# Apparently equilivant series.

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BEFORE YOU READ: turns out it was posssibly a false alarm, you may disregard.

With the series $u_{n+1}=u_{n} - \frac{{u_n}^2 - 2}{2 u_n }$

Taking u_0 to be 3/2

We get the series

3/2

17/12

577/408

I was working them out by hand (my calculator isn't sociable with fractions that require many digits) so only got that far before I got bored or something. I had these numbers in my MSN screen name without explanation so someone tried to guess the pattern.

He saw it as:

Where $u_n = \frac{p}{q}$ where p and q are integers. $u_{n+1}=\frac{(2p)p - 1}{(2pq)}$.

Now working with the idea that in maths, co-incidences are pretty damn rare, why are these two distinctive (looking) algorithms behaving exactly the same?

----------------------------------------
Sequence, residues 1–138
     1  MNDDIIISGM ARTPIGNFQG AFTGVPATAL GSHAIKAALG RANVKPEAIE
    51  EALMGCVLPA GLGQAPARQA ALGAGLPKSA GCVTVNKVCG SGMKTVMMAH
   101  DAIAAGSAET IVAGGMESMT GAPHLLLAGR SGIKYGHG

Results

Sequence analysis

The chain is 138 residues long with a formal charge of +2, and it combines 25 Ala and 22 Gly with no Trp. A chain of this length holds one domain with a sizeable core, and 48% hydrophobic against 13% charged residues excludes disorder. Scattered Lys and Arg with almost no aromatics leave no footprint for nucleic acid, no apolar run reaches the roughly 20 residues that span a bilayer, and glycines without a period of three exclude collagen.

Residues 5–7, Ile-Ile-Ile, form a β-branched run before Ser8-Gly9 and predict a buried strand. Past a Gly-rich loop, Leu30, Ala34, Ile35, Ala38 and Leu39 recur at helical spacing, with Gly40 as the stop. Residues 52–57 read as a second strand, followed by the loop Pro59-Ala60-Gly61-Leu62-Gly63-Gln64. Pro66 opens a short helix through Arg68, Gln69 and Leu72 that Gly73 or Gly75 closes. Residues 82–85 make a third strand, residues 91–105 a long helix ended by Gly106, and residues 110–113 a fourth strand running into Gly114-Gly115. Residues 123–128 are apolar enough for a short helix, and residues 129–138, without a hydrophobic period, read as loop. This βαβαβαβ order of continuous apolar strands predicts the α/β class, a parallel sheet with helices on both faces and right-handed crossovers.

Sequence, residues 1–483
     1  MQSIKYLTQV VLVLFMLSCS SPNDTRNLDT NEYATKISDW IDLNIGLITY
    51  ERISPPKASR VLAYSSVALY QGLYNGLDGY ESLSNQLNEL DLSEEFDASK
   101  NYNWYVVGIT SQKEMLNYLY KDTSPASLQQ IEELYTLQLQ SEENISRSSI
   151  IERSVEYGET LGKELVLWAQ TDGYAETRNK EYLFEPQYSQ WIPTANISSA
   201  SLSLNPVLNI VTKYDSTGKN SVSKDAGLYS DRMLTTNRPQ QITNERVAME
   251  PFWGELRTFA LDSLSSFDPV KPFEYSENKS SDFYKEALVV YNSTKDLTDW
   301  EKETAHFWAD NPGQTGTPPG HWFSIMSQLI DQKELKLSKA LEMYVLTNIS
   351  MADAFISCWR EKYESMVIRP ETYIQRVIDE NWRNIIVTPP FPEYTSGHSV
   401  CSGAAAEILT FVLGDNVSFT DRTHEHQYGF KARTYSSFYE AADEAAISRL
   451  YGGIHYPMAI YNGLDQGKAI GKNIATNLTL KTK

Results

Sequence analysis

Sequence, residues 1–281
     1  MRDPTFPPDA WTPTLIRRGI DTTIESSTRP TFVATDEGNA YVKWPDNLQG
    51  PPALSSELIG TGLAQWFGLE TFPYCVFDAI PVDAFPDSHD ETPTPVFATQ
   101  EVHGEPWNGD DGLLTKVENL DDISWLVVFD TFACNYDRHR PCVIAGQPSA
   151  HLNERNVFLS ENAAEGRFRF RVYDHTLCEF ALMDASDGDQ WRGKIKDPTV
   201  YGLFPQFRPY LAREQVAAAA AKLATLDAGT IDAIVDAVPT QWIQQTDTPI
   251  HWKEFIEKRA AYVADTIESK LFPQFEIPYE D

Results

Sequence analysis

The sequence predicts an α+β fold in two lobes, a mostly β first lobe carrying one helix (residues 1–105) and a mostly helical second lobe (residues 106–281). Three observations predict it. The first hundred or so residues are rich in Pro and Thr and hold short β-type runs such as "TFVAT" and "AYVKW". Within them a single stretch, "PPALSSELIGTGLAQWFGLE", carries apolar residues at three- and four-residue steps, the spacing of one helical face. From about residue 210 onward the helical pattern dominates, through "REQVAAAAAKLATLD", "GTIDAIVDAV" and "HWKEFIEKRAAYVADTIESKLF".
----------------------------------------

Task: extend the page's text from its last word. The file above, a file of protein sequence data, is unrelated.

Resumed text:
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How is the second recurrence well defined tree?

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Oh, make that positive integers with no common factors then.

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Let $u_n= \frac{p}{q}$ in your first formula:

$\frac{p}{q}-\frac{\frac{p^2}{q^2}-2}{\frac{2p}{q}}$

Multiply numerator and denominator of the second fraction by q

$\frac{p}{q}- \frac{\frac{p^2}{q}-2q}{2p}$

Get common denominator 2pq

$\frac{2p^2}{2pq}- \frac{p^2- 2q^2}{2pq}$

and combine fractions

$\frac{p^2+2q^2}{2pq}$

The denominator of that is exactly the same the other form

$\frac{2p^2-1}{2pq}$

so they will be the same as long as the starting values satisfy

$p^2+ 2q^2= 2p^2- 1$

That is the same as $2q^2= p^2-1$ which happens to be true for p/q= 3/2.

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Ah, funky. I couldn't think why they would match generally, but matching only in that case makes a lot more sense, thanks.

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